0
$\begingroup$

This is the integral to evaluate the volume of the cone $z=\sqrt{x^2+y^2}$ inside the sphere $x^2+y^2+z^2=z$ How can I rewrite this integral in cylindrical coordinates. Thank you.

$$\int_{0}^{2 \pi} \int_{0}^{ \frac{\pi}{4} } \int_{0}^{\cos{\phi}} \rho^2sin(\phi)d\rho d \phi d \theta $$

$\endgroup$
2
  • $\begingroup$ You don't actually need the integral in spherical coordinates. Just the description of the volume is sufficient. $\endgroup$ – Shubham Johri Nov 6 '20 at 9:18
  • $\begingroup$ I know that, but there is a question on a practice final exam that asks to specifically set up this in cylindrical coordinates. $\endgroup$ – Math Whiz Nov 6 '20 at 9:54
1
$\begingroup$

The sphere and cone intersect at $(0,0,0)$ and the curve $x^2+y^2=1/4,z=1/2$. The volume looks like a cone with a hemispherical top. In cylindrical coordinates, the lower boundary is $z=r$ and the upper boundary is the sphere $z^2-z+r^2=0$, which gives $z=\frac12+\sqrt{\frac14-r^2}$. The intersection curve is $r=z=\frac12$. The required integral is$$\int_0^{2\pi}\int_0^{1/2}\int_r^{\frac12+\sqrt{\frac14-r^2}}r~dz~dr~d\theta$$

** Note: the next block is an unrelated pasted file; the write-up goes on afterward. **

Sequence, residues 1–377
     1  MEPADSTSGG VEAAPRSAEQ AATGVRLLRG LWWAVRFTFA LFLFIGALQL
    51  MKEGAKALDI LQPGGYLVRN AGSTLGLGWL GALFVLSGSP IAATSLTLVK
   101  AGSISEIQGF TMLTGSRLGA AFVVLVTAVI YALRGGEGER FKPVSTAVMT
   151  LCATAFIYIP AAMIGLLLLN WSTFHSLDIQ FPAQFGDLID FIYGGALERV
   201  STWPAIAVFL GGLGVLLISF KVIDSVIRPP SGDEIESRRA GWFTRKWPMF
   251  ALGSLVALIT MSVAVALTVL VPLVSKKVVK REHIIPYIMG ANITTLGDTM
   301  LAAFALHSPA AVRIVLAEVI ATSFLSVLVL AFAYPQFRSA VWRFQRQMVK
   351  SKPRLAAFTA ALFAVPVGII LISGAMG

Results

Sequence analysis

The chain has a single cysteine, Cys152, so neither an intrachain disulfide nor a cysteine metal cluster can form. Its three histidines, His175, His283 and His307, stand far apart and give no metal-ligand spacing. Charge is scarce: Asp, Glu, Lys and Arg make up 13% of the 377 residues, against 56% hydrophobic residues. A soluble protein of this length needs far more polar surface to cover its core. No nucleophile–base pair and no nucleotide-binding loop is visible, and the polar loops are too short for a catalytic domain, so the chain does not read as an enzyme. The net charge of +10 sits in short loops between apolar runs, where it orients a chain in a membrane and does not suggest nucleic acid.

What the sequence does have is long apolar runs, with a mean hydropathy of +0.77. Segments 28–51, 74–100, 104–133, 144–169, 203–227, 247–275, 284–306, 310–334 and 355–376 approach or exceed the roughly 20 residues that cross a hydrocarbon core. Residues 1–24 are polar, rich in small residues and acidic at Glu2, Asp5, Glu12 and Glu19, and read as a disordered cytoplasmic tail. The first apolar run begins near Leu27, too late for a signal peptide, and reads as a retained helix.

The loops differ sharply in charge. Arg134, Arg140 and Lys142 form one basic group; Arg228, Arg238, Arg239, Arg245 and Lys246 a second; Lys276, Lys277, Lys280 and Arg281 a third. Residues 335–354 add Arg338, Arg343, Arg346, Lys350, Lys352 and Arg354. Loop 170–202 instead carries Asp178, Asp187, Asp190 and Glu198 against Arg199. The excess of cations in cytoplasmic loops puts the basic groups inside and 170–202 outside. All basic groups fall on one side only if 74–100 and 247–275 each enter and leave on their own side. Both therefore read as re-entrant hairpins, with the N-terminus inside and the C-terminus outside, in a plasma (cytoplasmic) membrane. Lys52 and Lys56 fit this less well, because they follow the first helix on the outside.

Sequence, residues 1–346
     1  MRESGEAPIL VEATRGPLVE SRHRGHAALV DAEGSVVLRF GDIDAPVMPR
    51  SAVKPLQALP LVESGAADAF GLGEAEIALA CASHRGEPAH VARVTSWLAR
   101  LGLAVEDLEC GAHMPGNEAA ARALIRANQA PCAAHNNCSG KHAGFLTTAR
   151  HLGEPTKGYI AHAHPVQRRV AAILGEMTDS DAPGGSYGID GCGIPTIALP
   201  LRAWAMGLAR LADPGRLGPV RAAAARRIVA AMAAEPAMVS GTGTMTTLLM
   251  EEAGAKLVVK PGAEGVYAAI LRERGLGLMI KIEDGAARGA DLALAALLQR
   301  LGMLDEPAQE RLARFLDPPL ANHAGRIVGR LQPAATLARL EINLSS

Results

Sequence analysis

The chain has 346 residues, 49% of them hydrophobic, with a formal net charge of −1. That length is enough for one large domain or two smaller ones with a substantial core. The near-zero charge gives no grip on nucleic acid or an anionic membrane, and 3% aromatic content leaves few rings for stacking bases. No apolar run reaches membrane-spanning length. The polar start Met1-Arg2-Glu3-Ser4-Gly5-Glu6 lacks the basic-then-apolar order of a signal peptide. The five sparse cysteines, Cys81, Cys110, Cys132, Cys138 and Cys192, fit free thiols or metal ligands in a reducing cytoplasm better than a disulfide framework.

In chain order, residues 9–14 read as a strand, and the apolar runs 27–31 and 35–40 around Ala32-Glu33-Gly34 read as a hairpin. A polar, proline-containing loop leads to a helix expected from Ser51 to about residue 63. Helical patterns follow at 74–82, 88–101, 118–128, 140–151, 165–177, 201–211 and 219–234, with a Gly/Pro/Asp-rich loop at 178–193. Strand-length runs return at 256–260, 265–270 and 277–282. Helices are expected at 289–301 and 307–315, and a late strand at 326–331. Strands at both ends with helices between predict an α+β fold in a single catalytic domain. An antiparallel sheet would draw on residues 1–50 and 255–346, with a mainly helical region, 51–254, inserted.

$\endgroup$

Your Answer

By clicking “Post Your Answer”, you agree to our terms of service, privacy policy and cookie policy

Not the answer you're looking for? Browse other questions tagged or ask your own question.